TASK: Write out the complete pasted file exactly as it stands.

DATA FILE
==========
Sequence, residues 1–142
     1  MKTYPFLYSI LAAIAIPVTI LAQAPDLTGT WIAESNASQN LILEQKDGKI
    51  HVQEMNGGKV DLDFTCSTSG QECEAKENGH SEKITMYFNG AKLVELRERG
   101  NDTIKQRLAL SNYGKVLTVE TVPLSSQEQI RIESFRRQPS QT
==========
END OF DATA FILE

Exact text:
Sequence, residues 1–142
     1  MKTYPFLYSI LAAIAIPVTI LAQAPDLTGT WIAESNASQN LILEQKDGKI
    51  HVQEMNGGKV DLDFTCSTSG QECEAKENGH SEKITMYFNG AKLVELRERG
   101  NDTIKQRLAL SNYGKVLTVE TVPLSSQEQI RIESFRRQPS QT